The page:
In this study, scintigraphic and pharmacokinetic studies were conducted on 10 healthy, fed volunteers. Two concepts of sustained-release floating minitablets--Levo-Form 1 (matrix) and 2 (coated)--were evaluated and compared to the marketed product Prolopa HBS 125. All the floating forms were radiolabelled with (111)In in order to evaluate their gastric residence time using gamma-scintigraphy. It was shown that the three formulations offered almost the same mean gastric residence time, which was about 240 min. Prolopa HBS 125 and Levo-Form 2 presented intragastric disintegration, which can lead to a more pronounced "peak & valley" effect on the plasma concentration-time profile of levodopa. In contrast, the plasma concentration-time profile of levodopa following the administration of Levo-Form 1 was more evenly distributed. Moreover, Levo-Form 1 provided the lowest variations between men and women in terms of AUC and C(max) values. Finally, when the same amount of inhibitors of extracerebral dopa decarboxylase--carbidopa and benserazide--had been administrated, the mean AUC, C(max) and T(max) values obtained for benserazide were lower than those obtained for carbidopa.

https://dipot.ulb.ac.be/dspace/bitstream/2013/51455/1/Elsevier_26544.pdf

 

Evaluation and floating enhancement of levodopa sustained release floating minitablets coated with insoluble acrylic polymer

Goole, J., Amighi, K., & Vanderbist, F. (2008). Evaluation and floating enhancement of levodopa sustained release floating minitablets coated with insoluble acrylic polymer. Drug development and industrial pharmacy, 34(8), 827-833. doi:10.1080/03639040801926683  

 

In vitro evaluation of two concepts of sustained release floating minitablets according to the model drug used

Goole, J., Vanderbist, F., & Amighi, K. (2008). In vitro evaluation of two concepts of sustained release floating minitablets according to the model drug used. Journal of drug delivery science and technology, 18(2), 133-138.  

 

New levodopa sustained-release floating minitablets coated with insoluble acrylic polymer

Goole, J., Deleuze, P., Vanderbist, F., & Amighi, K. (2008). New levodopa sustained-release floating minitablets coated with insoluble acrylic polymer. European journal of pharmaceutics and biopharmaceutics, 68(2), 310-318. doi:10.1016/j.ejpb.2007.06.017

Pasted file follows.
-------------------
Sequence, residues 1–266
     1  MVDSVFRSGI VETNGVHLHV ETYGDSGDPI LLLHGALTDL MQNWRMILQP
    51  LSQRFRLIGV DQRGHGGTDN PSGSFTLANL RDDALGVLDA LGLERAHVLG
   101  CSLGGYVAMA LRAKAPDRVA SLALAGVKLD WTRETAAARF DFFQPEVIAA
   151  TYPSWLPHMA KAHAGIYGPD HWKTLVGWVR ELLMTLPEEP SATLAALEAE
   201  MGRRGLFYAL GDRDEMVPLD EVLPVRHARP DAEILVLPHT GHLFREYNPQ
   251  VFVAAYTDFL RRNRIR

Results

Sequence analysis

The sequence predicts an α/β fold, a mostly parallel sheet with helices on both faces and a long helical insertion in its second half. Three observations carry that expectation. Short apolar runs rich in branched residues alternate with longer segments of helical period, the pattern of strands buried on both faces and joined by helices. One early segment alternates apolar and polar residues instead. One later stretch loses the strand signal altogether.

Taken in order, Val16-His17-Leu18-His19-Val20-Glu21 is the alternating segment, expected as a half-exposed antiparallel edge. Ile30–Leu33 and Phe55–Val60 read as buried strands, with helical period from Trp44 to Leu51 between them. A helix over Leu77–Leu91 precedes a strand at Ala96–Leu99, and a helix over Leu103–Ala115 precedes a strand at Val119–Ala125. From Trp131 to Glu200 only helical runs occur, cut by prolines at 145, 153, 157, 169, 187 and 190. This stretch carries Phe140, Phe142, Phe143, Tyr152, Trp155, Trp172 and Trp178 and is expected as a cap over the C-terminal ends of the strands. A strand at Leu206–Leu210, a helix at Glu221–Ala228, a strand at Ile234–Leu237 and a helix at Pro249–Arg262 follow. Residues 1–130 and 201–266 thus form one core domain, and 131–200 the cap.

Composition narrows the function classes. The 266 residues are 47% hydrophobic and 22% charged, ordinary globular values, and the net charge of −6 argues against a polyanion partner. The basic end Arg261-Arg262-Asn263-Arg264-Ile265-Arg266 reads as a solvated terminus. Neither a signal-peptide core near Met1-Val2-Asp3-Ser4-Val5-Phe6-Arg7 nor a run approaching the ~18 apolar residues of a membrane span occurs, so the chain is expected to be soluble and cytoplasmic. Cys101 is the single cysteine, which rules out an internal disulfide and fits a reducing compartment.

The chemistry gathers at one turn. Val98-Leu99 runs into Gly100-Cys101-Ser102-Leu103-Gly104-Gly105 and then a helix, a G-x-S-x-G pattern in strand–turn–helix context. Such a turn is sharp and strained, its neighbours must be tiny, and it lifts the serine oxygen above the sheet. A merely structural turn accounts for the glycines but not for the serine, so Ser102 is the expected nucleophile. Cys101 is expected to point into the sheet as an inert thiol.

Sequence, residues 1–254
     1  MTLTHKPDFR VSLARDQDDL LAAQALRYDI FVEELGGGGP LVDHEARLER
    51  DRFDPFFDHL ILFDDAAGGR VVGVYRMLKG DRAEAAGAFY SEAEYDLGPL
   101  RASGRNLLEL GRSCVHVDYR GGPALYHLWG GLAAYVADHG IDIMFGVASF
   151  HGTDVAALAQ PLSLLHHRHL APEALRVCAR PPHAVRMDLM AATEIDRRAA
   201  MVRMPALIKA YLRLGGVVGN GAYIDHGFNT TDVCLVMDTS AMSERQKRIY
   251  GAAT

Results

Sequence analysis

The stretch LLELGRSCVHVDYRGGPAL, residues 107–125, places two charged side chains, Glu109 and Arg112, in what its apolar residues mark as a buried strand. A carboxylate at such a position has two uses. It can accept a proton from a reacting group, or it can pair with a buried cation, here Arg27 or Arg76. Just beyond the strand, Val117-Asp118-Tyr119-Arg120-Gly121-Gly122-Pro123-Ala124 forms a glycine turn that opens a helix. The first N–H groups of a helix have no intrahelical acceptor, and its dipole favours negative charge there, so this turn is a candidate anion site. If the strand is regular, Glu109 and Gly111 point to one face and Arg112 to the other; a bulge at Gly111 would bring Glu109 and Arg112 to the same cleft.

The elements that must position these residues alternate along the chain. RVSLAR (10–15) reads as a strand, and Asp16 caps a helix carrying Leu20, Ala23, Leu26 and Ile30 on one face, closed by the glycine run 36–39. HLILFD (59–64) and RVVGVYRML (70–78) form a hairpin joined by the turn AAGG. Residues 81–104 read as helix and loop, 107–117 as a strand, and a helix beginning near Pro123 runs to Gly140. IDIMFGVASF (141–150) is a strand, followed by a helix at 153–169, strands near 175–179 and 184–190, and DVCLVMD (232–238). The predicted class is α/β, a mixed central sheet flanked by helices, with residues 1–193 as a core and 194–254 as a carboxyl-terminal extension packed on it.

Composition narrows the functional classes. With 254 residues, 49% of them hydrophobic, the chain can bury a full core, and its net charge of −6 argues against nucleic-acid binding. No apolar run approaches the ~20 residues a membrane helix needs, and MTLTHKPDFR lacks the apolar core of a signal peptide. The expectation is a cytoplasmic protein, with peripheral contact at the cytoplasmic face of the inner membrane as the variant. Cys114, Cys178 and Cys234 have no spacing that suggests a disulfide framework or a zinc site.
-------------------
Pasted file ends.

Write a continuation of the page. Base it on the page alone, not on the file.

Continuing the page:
The aim of this study was to develop a new coated multiple-unit sustained-release floating system that is able to float over an extended period of time. Levodopa was used as a model drug. The system consisted of a 3 mm drug-containing gas-generating core, prepared by melt granulation and subsequent compression, and coated with a flexible polymeric membrane. Eudragit® RL30D and ATEC were used as a film former and a plasticizer, respectively. The coating level was fixed at 20% (w/w). The floating lag time decreased as the proportion of effervescent agents increased. The optimized coated floating minitablets could float within 20 min and remained buoyant for more than 13 h. In addition, a sustained release of levodopa for more than 20 h was observed. © 2007 Elsevier B.V. All rights reserved.

https://dipot.ulb.ac.be/dspace/bitstream/2013/88335/1/Elsevier_66703.pdf

 

Pharmacoscintigraphic and pharmacokinetic evaluation of tobramycin DPI formulations in cystic fibrosis patients

Pilcer, G., Goole, J., Van Gansbeke, B., Blocklet, D., Knoop, C., Vanderbist, F., & Amighi, K. (2008). Pharmacoscintigraphic and pharmacokinetic evaluation of tobramycin DPI formulations in cystic fibrosis patients. European journal of pharmaceutics and biopharmaceutics, 68(2), 413-421. doi:10.1016/j.ejpb.2007.05.005  

Tobramycin dry powder formulations were evaluated by gamma scintigraphy and pharmacokinetic methods. In an open single-dose, three-treatment, three-period, cross-over study, nine cystic fibrosis patients received both the two test products and the reference product Tobi® (nebulizer solution) in order to assess lung deposition and systemic comparative bioavailability of the two investigational inhaled products versus the marketed inhaled comparator product. The percentage of dose (mean ± SD) in the whole lung was 53.0 ± 10.0% for the tobramycin Form 1, 34.1 ± 12.4% for the tobramycin Form 2 and 7.6 ± 2.7% for the comparator product Tobi®. Lung deposition expressed as a percentage of the nominal dose was thus estimated to be 7.0 and 4.5 times higher for the Tobra Form 1 and Tobra Form 2 than for the Tobi®, respectively. Furthermore, the systemic bioavailability (adjusted to correspond to the same drug dose as that of the comparator product deposited in the lung) was found to be 1.6 times higher for the comparator product Tobi® than for the two DPI formulations. The principal advantages of the DPI formulations include reduced systemic availability and thus, side effects, and higher dose levels of the drug at the site of drug action. © 2007 Elsevier B.V. All rights reserved.

https://dipot.ulb.ac.be/dspace/bitstream/2013/88336/1/Elsevier_66704.pdf